13 November 2014: The first landing on the surface of a comet is an historic milestone in a mission that has already lasted over 10 years for scientists and engineers from the European Space Agency (ESA) and Inmarsat.
A robot lander, Philae, touched down on Comet 67P/Churyumov-Gerasimenko yesterday after a 6.4 billion-kilometre journey on board the space probe Rosetta.
It then transmitted the all-important landing confirmation signals which took 28 minutes to cover a distance of over 500 million km to Earth. They were received by ESA’s 35-metre Deep Space Antenna 1 (DSA 1) satellite ground station in New Norcia, near Perth, Western Australia, and relayed to the Rosetta mission control centre in Darmstadt, Germany, where they were met with hugs and cheers.
Following an anxious wait when it became clear the harpoons designed to anchor Philae to the surface had not fired, causing the washing machine-sized probe to bounce off and touch down three times, ESA confirmed today that it had landed and was sending images of the comet.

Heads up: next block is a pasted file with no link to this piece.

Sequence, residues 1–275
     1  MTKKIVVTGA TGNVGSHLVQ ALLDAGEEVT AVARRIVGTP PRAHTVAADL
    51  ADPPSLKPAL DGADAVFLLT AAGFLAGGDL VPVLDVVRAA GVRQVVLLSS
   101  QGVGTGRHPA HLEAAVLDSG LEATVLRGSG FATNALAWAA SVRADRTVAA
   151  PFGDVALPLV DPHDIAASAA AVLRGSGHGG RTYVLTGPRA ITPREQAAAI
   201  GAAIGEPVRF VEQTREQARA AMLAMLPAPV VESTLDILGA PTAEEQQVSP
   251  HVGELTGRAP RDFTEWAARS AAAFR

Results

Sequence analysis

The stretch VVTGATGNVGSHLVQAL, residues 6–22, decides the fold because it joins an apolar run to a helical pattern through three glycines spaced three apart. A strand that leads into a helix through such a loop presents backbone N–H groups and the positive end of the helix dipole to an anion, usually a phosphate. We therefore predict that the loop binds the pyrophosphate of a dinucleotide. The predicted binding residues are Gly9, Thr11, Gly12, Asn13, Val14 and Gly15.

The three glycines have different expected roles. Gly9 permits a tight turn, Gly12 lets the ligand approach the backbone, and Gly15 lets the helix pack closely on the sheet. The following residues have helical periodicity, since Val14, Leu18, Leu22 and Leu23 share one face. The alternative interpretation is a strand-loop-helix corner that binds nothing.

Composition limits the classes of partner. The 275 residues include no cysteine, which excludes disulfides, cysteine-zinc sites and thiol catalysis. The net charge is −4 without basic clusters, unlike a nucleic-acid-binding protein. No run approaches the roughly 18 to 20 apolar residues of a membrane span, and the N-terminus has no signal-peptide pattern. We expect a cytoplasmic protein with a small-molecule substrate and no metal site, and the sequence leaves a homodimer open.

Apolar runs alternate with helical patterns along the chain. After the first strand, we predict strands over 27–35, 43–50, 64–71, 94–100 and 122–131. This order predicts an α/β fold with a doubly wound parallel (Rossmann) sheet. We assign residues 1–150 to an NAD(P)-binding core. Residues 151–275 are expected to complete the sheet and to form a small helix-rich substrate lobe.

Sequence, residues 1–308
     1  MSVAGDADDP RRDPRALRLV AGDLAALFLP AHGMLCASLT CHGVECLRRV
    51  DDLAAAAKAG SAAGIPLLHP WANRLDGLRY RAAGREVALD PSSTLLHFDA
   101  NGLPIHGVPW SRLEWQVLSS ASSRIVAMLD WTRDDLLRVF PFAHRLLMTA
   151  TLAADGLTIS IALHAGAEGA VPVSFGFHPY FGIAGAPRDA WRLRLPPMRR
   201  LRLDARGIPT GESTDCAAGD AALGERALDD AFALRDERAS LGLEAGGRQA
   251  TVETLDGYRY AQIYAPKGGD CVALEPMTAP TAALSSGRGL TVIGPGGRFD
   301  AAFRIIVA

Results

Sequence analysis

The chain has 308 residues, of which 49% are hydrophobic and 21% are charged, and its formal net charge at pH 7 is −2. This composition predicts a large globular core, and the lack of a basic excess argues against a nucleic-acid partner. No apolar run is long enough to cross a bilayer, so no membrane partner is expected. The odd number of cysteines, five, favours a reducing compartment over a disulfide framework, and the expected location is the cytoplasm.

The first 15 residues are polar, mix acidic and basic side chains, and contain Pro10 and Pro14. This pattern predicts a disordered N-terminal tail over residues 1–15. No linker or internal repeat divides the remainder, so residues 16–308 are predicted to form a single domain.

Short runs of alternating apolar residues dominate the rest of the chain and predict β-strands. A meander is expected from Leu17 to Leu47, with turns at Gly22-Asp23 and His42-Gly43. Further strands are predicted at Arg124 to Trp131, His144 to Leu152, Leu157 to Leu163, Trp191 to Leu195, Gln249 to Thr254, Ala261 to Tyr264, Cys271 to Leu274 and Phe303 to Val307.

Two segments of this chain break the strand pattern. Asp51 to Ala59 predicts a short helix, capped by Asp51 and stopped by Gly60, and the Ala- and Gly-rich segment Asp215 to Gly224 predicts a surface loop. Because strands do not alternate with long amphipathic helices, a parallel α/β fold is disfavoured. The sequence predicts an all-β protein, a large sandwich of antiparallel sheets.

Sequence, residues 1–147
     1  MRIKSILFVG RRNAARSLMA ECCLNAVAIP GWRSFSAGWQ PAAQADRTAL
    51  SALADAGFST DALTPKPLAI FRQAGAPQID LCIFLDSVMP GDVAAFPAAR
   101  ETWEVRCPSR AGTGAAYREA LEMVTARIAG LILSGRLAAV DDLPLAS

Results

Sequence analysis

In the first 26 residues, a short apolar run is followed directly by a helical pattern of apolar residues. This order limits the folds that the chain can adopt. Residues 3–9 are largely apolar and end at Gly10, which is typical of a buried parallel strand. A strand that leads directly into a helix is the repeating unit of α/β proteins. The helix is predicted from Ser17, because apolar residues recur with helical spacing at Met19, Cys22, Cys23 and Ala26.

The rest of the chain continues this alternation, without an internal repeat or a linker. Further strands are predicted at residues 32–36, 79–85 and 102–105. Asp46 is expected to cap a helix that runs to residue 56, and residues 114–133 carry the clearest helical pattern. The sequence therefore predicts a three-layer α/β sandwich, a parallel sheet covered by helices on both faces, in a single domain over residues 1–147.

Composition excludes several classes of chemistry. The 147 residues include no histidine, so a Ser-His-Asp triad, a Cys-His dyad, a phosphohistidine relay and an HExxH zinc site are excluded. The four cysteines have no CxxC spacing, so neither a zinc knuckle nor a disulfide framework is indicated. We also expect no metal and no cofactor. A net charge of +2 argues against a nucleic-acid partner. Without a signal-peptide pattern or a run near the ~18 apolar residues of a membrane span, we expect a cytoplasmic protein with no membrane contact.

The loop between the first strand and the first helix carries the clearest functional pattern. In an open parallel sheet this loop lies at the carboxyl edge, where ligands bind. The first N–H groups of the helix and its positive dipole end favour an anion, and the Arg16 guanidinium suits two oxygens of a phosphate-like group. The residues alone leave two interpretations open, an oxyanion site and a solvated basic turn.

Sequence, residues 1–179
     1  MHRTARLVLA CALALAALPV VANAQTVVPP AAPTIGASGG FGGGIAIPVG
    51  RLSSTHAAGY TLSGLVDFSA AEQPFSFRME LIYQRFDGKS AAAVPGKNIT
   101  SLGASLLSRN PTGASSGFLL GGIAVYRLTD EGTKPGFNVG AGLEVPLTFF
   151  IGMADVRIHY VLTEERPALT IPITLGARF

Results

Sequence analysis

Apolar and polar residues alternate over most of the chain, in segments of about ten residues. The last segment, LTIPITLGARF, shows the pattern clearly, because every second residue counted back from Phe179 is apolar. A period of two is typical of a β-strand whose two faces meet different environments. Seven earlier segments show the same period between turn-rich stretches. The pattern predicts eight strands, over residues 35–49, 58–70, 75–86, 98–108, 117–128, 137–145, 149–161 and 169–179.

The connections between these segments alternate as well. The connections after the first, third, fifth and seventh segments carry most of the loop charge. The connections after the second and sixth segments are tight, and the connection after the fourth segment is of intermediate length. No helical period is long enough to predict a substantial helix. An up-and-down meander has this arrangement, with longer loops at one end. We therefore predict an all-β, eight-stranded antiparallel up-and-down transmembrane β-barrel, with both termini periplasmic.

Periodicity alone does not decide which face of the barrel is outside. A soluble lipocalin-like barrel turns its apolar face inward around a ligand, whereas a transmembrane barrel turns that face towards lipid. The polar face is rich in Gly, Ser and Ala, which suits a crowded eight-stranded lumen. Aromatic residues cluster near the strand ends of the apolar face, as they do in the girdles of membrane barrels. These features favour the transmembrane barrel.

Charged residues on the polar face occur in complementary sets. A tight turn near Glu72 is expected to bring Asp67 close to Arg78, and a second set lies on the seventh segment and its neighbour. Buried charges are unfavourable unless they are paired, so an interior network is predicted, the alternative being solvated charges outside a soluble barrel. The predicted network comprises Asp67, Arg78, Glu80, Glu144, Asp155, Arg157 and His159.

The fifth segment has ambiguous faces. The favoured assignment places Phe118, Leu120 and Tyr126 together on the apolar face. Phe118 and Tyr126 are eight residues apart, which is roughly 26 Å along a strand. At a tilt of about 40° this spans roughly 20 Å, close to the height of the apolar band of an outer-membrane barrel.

Inmarsat’s Perth-based team was involved in the development and building of the New Norcia ground station, and now operate, facility manage and maintain it. They have been providing this highly-skilled exclusive service to ESA under a long-term contract since the station was implemented in 2002.
The team was involved in the Rosetta spacecraft launch on an Ariane 5 rocket from Kouro in French Guiana in March 2004, and have been handling communications, tracking and data download throughout its circuitous 10-year trek across the Solar System to reach its target – a 4km-wide ball of rock, dust and ice.
“We are extremely proud of contributing to the success of the Rosetta mission. Our team in Perth has been doing a sterling job of operating the New Norcia station for ESA for 12 years and it is a tribute to our staff that we are able to support critical activities such as these for ESA,” said Ruy Pinto, Inmarsat Group Chief Operations Officer.
Comets are thought to hold vital clues about the materials that went into building the Solar System more than 4.5 billion years ago.
ESA’s Rosetta mission has been designed to achieve important scientific goals by making investigations actually on and around a comet – the first time this has been attempted.
Philae will provide information on the chemical and physical properties of a selected area of comet surface, while Rosetta ‘chases’ 67P performing sophisticated analyses on the dust grains and the gas flowing out from the nucleus.
The mission is due to continue until December 2015. By then, Rosetta and the comet with Philae attached will have circled the Sun and be on their way out of the inner Solar System.
European Space Agency: www.esa.int